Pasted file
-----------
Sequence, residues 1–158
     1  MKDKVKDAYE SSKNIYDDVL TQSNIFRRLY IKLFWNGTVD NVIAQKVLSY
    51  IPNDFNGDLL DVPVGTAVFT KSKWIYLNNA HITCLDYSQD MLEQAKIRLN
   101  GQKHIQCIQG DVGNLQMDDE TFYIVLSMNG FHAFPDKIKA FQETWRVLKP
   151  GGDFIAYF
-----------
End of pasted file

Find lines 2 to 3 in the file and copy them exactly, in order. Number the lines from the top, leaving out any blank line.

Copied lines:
     1  MKDKVKDAYE SSKNIYDDVL TQSNIFRRLY IKLFWNGTVD NVIAQKVLSY
    51  IPNDFNGDLL DVPVGTAVFT KSKWIYLNNA HITCLDYSQD MLEQAKIRLN